Four years fly by at the University of South Carolina.
As yet another record-breaking USC freshman class starts college this week, here are some suggestions on what made the experience so great, and what might make it even better.
1a. I’m glad I ... took a few off-the-wall classes
A sophomore-year basketball class made me a better pickup player at the Strom. And for a long while after a class that required weekly nature walks with USC naturalist Rudy Mancke, I could identify every tree or plant in sight.
1b. I regret ... not taking more
In hindsight, I wish I would have taken a few more of those classes, rather than a couple of electives I took senior year so I could spend more time on journalism. Most of us get only one shot – four or five years – at college. If you want to learn how to sail, or study craft beer or take a deep dive into Sherlock Holmes’ forensic methods, when will you get a better chance than now?
2a. I’m glad I ... played a ton of intramural sports
I made some of my closest friends in life while playing softball, soccer and sand volleyball at USC. Our 2015 USC dodgeball championship was maybe the most important thing I did in college.
I’m kidding. (I think.)
2b. I regret ... not climbing the rock wall at the Strom Thurmond Wellness Center
At orientation, it seems so inviting, a 52-foot-tall rock wall that you’re sure you will conquer just as soon as you get on campus. Then four years fly by, and you never found the time.
3a. I’m glad I ... got to know Columbia
There is more to the Palmetto State’s capital city than USC, and there is plenty to like. You’ve got Five Points, the Vista and, now, a lively Main Street district. There’s a river, minor league baseball and a nearby national park.
Don’t be afraid to venture off campus. You might even decide to stick around after graduation.
3b. I regret ... taking out so many student loans
Like plenty of other 18-year-olds, I was fairly financially illiterate when I sat down to pay my first USC tuition bill. I accepted the maximum federal student loan offered, then freaked out two years later when it had accrued more than $1,000 in interest.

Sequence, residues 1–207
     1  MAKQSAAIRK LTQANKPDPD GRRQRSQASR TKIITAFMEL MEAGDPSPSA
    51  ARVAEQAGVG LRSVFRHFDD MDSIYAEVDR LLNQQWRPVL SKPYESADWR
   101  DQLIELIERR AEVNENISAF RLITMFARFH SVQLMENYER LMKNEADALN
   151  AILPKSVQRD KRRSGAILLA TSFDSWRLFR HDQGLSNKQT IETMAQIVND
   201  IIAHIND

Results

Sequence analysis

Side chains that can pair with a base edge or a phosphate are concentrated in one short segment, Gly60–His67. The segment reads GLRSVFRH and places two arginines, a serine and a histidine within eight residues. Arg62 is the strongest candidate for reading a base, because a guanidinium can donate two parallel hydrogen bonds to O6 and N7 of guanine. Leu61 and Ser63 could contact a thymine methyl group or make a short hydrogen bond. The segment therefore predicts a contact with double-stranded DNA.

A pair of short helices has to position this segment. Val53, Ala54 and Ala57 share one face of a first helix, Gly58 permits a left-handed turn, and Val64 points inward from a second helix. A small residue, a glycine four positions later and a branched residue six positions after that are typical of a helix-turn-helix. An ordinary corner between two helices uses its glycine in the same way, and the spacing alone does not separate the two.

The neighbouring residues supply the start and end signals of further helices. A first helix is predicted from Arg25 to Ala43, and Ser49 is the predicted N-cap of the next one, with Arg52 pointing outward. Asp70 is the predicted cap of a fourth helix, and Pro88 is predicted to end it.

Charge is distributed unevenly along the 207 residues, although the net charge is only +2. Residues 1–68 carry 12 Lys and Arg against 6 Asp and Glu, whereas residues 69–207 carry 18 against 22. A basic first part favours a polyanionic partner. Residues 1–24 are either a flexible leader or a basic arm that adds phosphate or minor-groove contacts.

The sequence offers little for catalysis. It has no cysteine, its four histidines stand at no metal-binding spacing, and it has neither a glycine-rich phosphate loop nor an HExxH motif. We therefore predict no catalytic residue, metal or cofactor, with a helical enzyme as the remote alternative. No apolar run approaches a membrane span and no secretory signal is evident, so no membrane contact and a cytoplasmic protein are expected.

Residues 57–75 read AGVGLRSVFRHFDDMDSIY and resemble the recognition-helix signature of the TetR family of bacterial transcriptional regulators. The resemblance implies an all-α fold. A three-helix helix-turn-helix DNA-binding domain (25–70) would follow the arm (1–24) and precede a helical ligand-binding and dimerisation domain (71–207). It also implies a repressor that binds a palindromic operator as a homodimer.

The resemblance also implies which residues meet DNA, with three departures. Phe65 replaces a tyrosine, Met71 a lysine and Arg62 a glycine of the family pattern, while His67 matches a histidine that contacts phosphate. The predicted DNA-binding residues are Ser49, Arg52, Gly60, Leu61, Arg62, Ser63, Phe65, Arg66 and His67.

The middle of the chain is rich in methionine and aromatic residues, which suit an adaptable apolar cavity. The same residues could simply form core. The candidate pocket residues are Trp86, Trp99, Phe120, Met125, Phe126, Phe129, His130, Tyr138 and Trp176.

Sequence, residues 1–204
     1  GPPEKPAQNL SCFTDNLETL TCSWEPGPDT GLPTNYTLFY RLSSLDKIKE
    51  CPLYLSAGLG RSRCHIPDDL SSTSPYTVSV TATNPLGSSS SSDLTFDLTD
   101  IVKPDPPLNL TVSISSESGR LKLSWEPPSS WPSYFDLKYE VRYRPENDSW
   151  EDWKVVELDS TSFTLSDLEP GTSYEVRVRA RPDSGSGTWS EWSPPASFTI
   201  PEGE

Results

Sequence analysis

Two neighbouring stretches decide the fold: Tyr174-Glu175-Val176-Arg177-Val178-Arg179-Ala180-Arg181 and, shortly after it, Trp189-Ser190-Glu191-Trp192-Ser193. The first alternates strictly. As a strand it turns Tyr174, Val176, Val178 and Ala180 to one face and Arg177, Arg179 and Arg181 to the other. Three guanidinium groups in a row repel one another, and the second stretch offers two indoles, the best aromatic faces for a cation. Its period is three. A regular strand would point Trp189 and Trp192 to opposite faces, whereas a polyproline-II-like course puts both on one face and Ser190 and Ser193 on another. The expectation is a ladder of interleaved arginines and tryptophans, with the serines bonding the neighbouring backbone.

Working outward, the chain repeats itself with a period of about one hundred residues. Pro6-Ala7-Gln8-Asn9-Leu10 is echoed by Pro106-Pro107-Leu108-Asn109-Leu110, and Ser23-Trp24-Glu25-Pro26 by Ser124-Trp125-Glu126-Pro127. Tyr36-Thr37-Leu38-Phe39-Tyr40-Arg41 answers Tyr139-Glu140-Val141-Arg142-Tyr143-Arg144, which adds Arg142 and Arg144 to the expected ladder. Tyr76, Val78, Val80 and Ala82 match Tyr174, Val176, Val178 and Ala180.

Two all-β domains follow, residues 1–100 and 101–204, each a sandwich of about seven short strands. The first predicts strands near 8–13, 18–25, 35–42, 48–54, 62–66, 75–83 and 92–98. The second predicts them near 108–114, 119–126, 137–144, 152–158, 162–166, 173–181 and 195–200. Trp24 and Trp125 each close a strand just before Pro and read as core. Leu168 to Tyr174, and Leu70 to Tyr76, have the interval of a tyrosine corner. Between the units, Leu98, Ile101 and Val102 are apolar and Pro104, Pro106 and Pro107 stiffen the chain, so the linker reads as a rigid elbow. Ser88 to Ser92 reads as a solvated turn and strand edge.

I graduated with just a few thousand dollars in debt, but other students aren’t as lucky. Know ahead of time what you’re getting into, and how exactly you will pay for it.
4a. I’m glad I ... made the most of my internships
Grades are important, but internships are what really count.
I don’t know where I would be without the experience of covering USC athletics throughout college, interning one summer at the Aiken Standard, and spending the next summer at the Tulsa World in Oklahoma. But I can’t imagine I would have landed a job in journalism.
If someone offers you a chance to wedge your foot in the door, take it, and see if you can kick it open.
4b. I regret ... not studying abroad
Truthfully, I’m not sure how my mom would have handled my living briefly on another continent. But by all accounts, a well-timed semester abroad can be a heck of an experience. I’ve never taken a selfie at the Eiffel Tower, learned Spanish in Barcelona or downed a beer in Munich. A study abroad semester likely would have changed that.
5a. I’m glad I ... went to an away football game (and then a bunch more)
My first live college football game – ever – was a freshman year road trip to Athens, Ga., with my roommate and two other guys I got to know over the course of the weekend. We watched USC beat Georgia in a 45-42 shootout that remains the best game I’ve ever seen.
5b. I regret ... not appreciating midday naps
One thing they forget to tell you about the real world is that you can’t just come back to your dorm halfway through the day and crawl into bed.
Sure, you can sneak a nap in on a lazy Sunday. But the days of the noon-to-2-p.m. power snooze will end soon.
Make them count.